Ah, the meat market.
That sense of being lost between college scene and wedding ring, says Ryan Lawless of Enfield, is epitomized in the dating divide drawn by the Hartford Civic Center.
"On this side," at places like Vaughan's and Trumbull Kitchen, "it's more of a professional and a little bit older crowd. It's more of a place you meet someone you'd like to take out on a date," says Lawless, 25, hunkered with a post-work crowd on a Wednesday night at The Fish Tank, a Hartford sports bar off Pratt Street, adjacent to Woody's, a hot dog joint.
"On that side of the Civic Center?" He smirks and says, " it's the Pour Houses and those types of places. On that side, it's mainly you get really drunk and try to take someone home.
"That was fun a few years ago," says Lawless, who works at Prudential in Hartford. "But if you're young, and you have a real job, and you're looking to meet someone? There really isn't much."
So, shall we sign off in anguish as Hopeless in Hartford?
Not so fast, says Kevin Henry, who, as vice president of MetroHartford Alliance, helps head up the fledgling Hartford Young Professionals & Entrepreneurs group, or HYPE. Sure, he might be paid to say it, he jokes, but there's plenty going on, plenty of good people to meet in Hartford.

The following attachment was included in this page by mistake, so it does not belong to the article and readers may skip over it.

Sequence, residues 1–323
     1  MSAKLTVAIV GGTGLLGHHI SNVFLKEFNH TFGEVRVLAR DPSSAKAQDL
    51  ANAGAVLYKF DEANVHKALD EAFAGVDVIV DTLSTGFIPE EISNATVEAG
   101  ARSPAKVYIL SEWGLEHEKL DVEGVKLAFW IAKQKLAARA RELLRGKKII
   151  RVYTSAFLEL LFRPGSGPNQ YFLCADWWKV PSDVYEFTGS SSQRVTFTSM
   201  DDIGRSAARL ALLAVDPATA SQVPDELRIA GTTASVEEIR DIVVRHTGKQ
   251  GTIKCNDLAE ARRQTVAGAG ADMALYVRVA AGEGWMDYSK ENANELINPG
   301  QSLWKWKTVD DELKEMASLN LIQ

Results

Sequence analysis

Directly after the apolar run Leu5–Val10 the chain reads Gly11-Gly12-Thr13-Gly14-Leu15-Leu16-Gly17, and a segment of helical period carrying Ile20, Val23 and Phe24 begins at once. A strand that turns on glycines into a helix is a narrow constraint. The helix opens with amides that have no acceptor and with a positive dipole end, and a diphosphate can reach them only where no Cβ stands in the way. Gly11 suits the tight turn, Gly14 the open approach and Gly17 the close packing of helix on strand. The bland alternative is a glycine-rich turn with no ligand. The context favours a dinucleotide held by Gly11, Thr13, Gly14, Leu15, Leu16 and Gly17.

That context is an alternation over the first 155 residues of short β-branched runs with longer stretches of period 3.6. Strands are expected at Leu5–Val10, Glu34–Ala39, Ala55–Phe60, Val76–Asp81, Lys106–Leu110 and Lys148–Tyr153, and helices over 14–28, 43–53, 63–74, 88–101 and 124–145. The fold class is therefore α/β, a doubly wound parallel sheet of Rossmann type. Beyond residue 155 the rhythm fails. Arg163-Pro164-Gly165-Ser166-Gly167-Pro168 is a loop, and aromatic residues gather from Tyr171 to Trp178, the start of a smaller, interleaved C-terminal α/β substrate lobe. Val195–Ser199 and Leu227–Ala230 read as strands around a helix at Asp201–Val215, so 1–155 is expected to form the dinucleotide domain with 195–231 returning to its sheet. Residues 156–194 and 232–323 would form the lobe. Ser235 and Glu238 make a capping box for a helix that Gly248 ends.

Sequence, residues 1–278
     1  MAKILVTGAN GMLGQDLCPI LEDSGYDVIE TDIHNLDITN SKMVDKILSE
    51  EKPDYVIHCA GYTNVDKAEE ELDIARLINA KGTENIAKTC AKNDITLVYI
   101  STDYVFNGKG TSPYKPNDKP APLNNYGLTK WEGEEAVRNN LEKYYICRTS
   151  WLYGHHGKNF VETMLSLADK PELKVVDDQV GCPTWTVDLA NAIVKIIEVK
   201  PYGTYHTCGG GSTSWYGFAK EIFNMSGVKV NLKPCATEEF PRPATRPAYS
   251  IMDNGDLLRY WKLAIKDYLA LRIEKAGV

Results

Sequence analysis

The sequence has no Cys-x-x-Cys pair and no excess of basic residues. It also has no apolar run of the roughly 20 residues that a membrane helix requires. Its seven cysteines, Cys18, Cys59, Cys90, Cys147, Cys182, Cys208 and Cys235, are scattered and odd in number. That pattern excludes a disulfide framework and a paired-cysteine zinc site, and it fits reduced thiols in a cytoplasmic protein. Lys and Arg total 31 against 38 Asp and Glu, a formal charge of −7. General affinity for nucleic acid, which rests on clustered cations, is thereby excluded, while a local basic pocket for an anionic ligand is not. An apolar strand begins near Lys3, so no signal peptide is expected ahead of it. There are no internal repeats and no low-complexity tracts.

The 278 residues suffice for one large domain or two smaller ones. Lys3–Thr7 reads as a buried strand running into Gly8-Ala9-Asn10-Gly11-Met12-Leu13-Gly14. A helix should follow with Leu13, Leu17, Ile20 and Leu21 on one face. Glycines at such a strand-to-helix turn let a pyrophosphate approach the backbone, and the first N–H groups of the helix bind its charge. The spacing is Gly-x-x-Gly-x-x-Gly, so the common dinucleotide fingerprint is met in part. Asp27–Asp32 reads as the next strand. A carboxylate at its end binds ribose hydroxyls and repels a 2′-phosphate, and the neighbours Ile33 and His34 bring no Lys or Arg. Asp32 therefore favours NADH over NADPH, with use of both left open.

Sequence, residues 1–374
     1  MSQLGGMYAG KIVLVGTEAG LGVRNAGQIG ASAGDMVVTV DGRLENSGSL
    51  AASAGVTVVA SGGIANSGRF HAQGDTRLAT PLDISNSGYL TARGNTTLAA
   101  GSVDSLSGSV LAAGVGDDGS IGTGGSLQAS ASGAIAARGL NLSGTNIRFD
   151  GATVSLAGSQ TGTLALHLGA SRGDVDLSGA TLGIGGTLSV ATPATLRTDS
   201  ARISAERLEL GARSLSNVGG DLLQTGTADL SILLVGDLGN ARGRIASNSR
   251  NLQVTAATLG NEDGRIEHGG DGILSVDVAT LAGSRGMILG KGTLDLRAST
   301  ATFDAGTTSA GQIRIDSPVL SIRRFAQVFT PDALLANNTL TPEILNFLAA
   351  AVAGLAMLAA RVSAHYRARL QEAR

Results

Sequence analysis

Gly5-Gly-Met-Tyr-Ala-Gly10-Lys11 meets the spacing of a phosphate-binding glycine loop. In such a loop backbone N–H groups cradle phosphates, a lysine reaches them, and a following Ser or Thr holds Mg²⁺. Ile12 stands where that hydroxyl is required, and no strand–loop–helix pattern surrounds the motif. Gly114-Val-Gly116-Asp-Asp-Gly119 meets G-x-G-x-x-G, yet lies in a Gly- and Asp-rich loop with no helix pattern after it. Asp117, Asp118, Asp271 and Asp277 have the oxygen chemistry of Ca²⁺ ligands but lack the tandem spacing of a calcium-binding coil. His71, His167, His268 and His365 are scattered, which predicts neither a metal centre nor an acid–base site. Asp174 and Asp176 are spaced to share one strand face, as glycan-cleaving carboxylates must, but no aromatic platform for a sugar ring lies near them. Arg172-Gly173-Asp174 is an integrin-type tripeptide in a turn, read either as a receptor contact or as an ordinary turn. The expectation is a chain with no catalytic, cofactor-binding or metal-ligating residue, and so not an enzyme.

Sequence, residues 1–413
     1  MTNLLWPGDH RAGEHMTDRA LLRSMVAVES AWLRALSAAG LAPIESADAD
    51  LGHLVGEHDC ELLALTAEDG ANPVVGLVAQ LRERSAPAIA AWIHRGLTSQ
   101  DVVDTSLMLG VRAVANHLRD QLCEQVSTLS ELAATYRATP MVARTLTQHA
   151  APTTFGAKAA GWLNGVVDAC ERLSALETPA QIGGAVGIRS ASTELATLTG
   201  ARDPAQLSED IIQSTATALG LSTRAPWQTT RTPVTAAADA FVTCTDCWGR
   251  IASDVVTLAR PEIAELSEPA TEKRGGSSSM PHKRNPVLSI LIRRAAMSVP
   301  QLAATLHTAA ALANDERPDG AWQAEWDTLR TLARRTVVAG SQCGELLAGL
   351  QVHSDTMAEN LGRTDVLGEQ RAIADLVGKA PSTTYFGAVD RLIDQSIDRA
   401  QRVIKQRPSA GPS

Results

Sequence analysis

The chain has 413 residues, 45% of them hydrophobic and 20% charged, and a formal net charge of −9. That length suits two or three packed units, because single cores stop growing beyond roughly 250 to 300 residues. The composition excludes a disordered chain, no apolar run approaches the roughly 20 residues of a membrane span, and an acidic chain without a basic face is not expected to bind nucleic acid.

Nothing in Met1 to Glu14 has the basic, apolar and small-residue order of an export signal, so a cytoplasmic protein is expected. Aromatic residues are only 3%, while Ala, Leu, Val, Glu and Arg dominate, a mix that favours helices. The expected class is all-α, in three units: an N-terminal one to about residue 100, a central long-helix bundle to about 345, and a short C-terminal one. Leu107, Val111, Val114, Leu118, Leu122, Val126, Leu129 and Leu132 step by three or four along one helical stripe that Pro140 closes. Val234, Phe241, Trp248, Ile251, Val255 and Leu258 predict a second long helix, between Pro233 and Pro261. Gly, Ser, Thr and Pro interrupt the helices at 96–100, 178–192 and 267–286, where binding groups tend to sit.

There are the arts scenes at the Wadsworth Atheneum Museum of Art and Real Art Ways, both of which hold regular social events that mix cocktails with conversation and art. There are new restaurants and bars constantly cropping up in downtown Hartford. And there are networking events, from luncheon talks with local CEOs to tasting parties at new eateries, that HYPE has orchestrated since its launch last summer. He says HYPE has about 1,000 names on its e-mail list. And he counts at least 25 new people he has met since the group's inception.
"But if you sit back and do nothing, then two years from now, you'll be in the same situation," says Henry, who adds that HYPE is planning to amp up its offerings as it nears it's one-year anniversary. "Sometimes it's about coming out of your comfort zone and learning how to connect. A lot of young professionals are still learning how to network.
"This is happening in Milwaukee, in Chicago. It's no different."
So, says Henry, go out and volunteer. Get involved with your church. Host a party. Join a sports club - all those things your mother told you.
As for Ruddick, she knows she's not going to meet her match in a bar.
"And when I go out on the weekend, it's not with the objective in mind of meeting someone," she says. Still, she wonders just where all the young singles are hiding.
"I do have some hobbies. But it's like yoga. And you're not going to meet a guy at a yoga class."
Your mother, and Kevin Henry, would say: You never know.
Reprinted with permission of the Hartford Courant.